The latest item that set me off was a message board poster apparently accepting as gospel that the Cardinals absolutely have to include their best young players Anthony Reyes or Adam Wainwright or both to make a trade to improve the team this season. The source was an unnamed television talk show.
I can't explain how ignorant that is, or more politically-correct, ill-informed. I suspect those commentators have no idea what the names are of any Cardinals minor leaguers other than those two.
At any rate, anyone with a memory 24 months or longer should be able to recall any number of impact trades made by Walt Jocketty at or near the deadline that didn't include important members of his major league roster.
Here are several examples that quickly come to mind:
Burch was a 21st-rounder in 2003 and Martinez had been claimed off waivers the previous winter. Only Narveson was considered a top prospect and he is back with the organization now. Yes, the Cardinals had to assume part of Walker's salary, but this trade didn't hurt the team down the road, as none of the three have since thrown a single pitch in the majors.
July 19, 2002: Chuck Finley acquired from the Cleveland Indians for minor leaguers Coco Crisp and Luis Garcia. (Crisp was named on August 7.)
For a Cardinals team badly in need of a starting pitcher after the death of Darryl Kile, Finley fit the bill, going 7-4 with a 3.80 ERA the rest of the way. While Crisp has come on to be a productive major leaguer, he had not yet made an appearance in the majors at the time of the trade.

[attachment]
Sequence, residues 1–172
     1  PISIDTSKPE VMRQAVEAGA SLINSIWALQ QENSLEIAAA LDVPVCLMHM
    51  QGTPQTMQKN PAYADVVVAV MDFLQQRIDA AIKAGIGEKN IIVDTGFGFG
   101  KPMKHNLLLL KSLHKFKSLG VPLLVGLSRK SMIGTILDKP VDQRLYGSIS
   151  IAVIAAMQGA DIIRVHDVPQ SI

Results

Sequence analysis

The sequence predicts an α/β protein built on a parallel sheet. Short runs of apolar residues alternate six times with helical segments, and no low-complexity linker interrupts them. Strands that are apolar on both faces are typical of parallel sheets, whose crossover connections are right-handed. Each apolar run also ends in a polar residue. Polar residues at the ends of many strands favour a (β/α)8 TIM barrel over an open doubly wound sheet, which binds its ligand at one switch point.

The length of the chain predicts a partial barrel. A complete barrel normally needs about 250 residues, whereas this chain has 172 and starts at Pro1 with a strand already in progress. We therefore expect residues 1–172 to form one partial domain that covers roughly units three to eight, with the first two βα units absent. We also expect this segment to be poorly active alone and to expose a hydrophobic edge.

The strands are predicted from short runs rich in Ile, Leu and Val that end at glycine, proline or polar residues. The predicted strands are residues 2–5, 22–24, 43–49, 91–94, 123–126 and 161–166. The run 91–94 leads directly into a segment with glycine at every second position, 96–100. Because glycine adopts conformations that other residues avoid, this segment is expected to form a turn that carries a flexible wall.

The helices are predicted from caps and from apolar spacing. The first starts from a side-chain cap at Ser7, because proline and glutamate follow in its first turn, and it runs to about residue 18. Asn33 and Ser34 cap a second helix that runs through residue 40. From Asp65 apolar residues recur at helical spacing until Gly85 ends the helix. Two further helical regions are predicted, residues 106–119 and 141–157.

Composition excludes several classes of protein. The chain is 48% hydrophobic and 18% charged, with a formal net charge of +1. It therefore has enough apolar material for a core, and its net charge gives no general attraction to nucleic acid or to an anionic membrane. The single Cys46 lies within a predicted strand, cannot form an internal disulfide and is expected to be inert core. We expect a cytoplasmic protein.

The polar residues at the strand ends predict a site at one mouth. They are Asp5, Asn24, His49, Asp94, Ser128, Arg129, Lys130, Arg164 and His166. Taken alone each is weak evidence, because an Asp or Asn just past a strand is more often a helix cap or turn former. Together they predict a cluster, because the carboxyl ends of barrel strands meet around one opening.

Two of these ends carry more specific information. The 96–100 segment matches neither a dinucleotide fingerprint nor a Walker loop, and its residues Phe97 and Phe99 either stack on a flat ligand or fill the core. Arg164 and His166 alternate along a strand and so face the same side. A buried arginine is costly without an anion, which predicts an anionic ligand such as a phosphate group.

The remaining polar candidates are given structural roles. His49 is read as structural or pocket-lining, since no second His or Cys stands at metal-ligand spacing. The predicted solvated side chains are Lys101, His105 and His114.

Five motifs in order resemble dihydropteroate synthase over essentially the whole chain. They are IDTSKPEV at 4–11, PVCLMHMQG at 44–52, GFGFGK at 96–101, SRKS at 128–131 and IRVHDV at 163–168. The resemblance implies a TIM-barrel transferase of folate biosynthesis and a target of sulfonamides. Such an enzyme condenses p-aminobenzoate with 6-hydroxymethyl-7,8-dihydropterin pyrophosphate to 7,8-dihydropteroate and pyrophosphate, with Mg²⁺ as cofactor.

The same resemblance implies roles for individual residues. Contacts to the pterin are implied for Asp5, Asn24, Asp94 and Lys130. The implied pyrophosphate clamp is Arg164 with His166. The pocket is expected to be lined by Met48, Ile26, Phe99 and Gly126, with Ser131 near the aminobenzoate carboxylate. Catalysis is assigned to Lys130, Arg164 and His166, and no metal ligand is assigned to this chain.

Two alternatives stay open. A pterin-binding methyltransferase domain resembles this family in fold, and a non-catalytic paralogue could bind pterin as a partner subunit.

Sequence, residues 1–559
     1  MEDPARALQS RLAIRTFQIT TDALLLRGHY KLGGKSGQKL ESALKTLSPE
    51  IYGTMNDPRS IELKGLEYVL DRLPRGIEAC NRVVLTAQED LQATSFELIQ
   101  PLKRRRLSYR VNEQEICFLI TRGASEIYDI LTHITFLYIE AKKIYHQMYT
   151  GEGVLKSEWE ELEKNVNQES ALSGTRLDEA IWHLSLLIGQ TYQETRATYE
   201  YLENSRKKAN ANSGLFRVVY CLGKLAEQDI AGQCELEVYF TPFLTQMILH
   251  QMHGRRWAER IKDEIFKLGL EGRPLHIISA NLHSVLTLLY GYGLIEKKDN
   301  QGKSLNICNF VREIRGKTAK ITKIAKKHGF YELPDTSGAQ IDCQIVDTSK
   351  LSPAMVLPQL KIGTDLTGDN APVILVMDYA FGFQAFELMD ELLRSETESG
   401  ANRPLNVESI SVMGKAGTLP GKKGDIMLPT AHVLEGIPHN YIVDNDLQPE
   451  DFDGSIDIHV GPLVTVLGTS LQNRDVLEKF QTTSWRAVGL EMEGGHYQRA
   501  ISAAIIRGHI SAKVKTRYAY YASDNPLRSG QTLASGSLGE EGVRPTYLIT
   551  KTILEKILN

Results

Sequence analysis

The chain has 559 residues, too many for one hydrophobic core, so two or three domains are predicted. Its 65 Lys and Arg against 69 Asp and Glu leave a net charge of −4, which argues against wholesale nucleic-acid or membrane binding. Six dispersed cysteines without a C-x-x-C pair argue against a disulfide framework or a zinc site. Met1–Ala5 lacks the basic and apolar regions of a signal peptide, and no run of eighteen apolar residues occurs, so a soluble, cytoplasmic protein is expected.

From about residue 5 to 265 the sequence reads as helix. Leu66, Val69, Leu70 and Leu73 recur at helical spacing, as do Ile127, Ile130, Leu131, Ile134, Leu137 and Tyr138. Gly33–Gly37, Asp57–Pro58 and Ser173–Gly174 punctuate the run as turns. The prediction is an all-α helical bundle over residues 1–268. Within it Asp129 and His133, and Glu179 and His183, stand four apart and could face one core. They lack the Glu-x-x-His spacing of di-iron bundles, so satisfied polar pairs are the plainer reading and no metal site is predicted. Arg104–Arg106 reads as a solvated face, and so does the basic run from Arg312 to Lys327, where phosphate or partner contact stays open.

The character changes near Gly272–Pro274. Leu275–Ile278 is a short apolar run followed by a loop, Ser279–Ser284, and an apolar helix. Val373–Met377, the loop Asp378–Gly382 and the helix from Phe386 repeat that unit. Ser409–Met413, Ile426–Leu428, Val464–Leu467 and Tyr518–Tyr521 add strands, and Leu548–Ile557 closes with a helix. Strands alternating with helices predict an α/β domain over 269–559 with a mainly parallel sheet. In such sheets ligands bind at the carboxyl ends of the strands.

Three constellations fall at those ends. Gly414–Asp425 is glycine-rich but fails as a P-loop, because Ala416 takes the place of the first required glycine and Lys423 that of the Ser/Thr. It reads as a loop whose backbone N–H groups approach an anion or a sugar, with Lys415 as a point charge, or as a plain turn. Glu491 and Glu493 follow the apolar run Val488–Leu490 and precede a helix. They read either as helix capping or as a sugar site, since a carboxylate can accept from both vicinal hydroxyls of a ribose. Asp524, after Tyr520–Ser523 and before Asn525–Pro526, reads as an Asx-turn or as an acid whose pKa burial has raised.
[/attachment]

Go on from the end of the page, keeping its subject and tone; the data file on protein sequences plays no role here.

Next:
July 31, 2000: Will Clark acquired from the Baltimore Orioles with cash for minor league infielder Jose Leon.
Leon was a 22nd-round draft pick in 1994. He did eventually make the majors for a short time, playing in 88 games during the 2002 through 2004 seasons, hitting just .225. We all remember the spark that Clark gave to the 2000 Cardinals.
July 31, 1997: Mark McGwire acquired from the Oakland A's for pitchers Eric Ludwick, T.J. Mathews, and Blake Stein.
Ludwick, then 25, was a second-rounder in 1993. At the time of the trade, he had appeared in 11 major league games with an ERA over nine. He would play in 20 more games with three teams in his abbreviated MLB career. Former 36th-rounder Mathews was a durable middle reliever, much like say, a Kiko Calero was before he was traded. Stein, a sixth-rounder in 1994, made his MLB debut the next season following the trade. He eventually logged a 21-28 career record.
I could probably come up with more examples, but I think these should be sufficient.
I suspect Jocketty's positive relationship with Scott Boras, Weaver's agent, helped smooth this deal. With cash included to cover a portion of the $4-plus million due Weaver for the remainder of the season, the Cardinals should still have money in their war chest to add a bat.
Weaver is a good, low-risk, short-term addition for the Cardinals. Even if Dave Duncan cannot restore the 29-year-old to the form that enabled him to win 14 games in 2005, the Cards are not obligated to keep Weaver beyond this season.
Now, I am not saying what will happen over the next three or four weeks, but I am smart enough to know that Walt Jocketty can act without giving up his two important young pitchers. Jocketty should have dispelled any doubters with his action Wednesday night.
And I strongly suspect his dealing is not done.
Brian Walton can be reached via email at email@example.com.
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